Would anyway be interesting to see your picks if you find them.

I agree,  but a scaled down version both in size and laminate would be the a really neat solution.  The Mad Hatter  was my 16nth boat build and I promised the misses it would be my last so I took thousands of pics. If I find a backup  I should have something on it.  

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I had a look at your edit and it is better because the compression load on the deck could be managed in the height selection of the bridle and the load will be transferred to the side of the hull where it needs to be. It is also light weight.  However bolts in an area of hull had has not been planned to have bolts can be an issue because they can crush the lightweight foam.  Also they often find a way of leaking. Any attempt to tighten them to minimise leaking will also crush the foam it not already and the leaking will just get worse. I have also built small Off The Beach cats  and it used to be a challenge until I gave up on that type of  bridle fitting and went to building them into the bulkhead.. .  The neatest solution is a simple composite chainplate type fitting on a part bulkhead.  Given the size of your project it could probably  be done with just 450gm double bias glass. Some uni carbon in the chainplate would be nice but you could probably get away without it. If you can't source  corecell foam you could use 4mm gaboon ply as the part bulkhead core as it will be only a small section and it would allow a reduction in  the glass laminate. Probably drop down to 200gm glass instead of 450gm. Foam just would be better.

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As a rule of thumb uni carbon has the same tensile strength as stainless steel for a given cross sectional area but 1/7 of the weight.

You could use that to help scale the F85 chainplate down  for your application and unlike the F85 fit it to the part bulkhead  before installation. 

See pics below. The chainplate fits into the slot in the B/H and angle for a straight pull to the hounds and laminate in with 450gm double bias.

I was sure that I took pics from the inside after fitting but cant find them.


The last pics shows it fitted during the fairing and painting stage.  (Pencil showing hollows that need to be fixed. ) 

Chainplate bulkhead.jpg

chainplate in hand.jpg

chainplate with peel ply and tape.jpg

painting 008.jpg

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On 7/3/2019 at 4:33 AM, The Mad Hatter said:

However bolts in an area of hull had has not been planned to have bolts can be an issue because they can crush the lightweight foam.  

Have dumped the idea of a deck forestay fitting. When using a 45 degree bridle as in the sketch with the assumed 200kg load you will have a 100kg vertical load on each hull side, together with a horizontal component of the same magnitude from both sides. Lots of compression at the deck level!  Not sure how high I can go with the bridle yet, as the jib tack can not be placed to high.

If you take another look at the right hand side chainplate you will see that I have (carefully) removed the foam in the actual hull area and injected West epoxy in the cavity. This was the first thing I did when I started the chainplate project, before getting the deck idea. There is also a 2mm G10 plate on the inside to build some thickness. To complete the buildup my idea is to add three layers of 5cm wide strips of 220gm carbon fiber together with West 105/205. Maybe adding carbon fiber all the way to the left is a good idea. See attached and modified sketch.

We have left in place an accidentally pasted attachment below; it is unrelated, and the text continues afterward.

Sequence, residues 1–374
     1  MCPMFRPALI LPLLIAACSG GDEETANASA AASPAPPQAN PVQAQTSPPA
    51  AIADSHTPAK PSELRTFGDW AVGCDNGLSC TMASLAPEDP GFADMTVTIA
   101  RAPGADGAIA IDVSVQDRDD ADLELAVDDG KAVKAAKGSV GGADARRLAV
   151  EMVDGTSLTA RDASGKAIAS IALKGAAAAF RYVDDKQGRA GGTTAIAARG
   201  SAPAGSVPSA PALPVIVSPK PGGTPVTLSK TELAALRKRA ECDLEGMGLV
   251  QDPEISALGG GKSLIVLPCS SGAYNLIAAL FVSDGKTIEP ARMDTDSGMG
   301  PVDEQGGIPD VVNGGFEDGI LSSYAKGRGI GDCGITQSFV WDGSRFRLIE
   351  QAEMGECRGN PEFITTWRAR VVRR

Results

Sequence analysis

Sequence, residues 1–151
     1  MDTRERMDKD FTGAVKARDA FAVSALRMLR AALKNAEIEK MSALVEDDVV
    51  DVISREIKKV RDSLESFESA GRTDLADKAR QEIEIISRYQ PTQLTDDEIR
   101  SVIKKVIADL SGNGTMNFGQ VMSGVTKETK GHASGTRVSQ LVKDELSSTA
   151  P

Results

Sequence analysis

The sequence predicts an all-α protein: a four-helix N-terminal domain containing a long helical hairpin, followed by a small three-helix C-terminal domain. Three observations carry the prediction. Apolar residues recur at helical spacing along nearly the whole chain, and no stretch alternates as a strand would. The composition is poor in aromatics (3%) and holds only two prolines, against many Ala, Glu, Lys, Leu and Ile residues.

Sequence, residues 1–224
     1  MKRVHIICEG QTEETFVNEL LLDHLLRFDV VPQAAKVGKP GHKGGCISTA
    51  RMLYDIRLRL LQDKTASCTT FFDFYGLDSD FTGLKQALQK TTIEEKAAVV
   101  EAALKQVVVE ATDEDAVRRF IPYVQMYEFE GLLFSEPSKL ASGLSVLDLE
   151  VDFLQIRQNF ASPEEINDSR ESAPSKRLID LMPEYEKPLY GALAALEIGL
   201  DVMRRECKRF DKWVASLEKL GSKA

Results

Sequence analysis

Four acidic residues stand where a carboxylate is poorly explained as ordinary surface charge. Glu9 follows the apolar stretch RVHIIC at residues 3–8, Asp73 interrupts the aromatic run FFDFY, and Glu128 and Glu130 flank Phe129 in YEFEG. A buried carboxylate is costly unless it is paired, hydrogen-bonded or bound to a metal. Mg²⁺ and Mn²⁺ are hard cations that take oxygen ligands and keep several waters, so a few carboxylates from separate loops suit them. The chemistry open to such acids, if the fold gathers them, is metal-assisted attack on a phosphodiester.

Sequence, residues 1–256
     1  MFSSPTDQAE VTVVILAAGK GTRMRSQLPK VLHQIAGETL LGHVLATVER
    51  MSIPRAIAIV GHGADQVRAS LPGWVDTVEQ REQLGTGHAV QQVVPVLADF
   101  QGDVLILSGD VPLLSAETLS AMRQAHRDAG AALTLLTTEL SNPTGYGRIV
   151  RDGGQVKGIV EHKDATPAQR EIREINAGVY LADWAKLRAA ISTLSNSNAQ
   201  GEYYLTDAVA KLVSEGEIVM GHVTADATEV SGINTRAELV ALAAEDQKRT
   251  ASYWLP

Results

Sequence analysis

Would this be sufficient?

 

detaljchainplate11.png

carbon.jpg

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On 7/3/2019 at 1:55 AM, ziper1221 said:

What make is that hull? It looks nice

No idea. The A-cat donor was with bolted cf beams and cf mast. Seems quite dated though.

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When keeping a structure in column to resist compressive forces making it thicker is the best way.

 One layer of 6mm foam and a layer of carbon would add around 6.2mm which would work far better.

Much better still would be if the layer of foam was on its edge and wrapped in carbon.

When I started building the Mad Hatter I already had enough 8mm core cell foam for the hulls but 10mm was specified. I worked out the hulls would be twice as stiff with the 10mm. It is not a linear  relationship between stiffness and thickness so I bought the 10mm foam.

If you want to keep it in column make it stiffer by making it thicker.

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Random idea here, create a 2nd chain plate and then have a split forestry from say 2m up from the deck. Create a fixed tube from that point down to the deck to take the jib, some of the early F16’s had their jib this way and it worked well.

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looking at your last drawings, if you estimate the total load is 200kg vertical it will be 170kg on each side with the 90° angle. is that a big improvement? 

and the total load on your mast will be 14 x 80 kg= 1040 kg on the mast at 25 kn wind You should at least double that number for safety reason.

we are not even talking of that time when you will drop speed from 20kn to almost nothing when falling from foiling....

Epoxy-Carbon a 100 mm high layer of foam or plywood on the edge as Mad Hatter told you and go for a center chainplate for the jib. 

you could go for another place to hold the mast at the front of hull with a hole  with carbon also.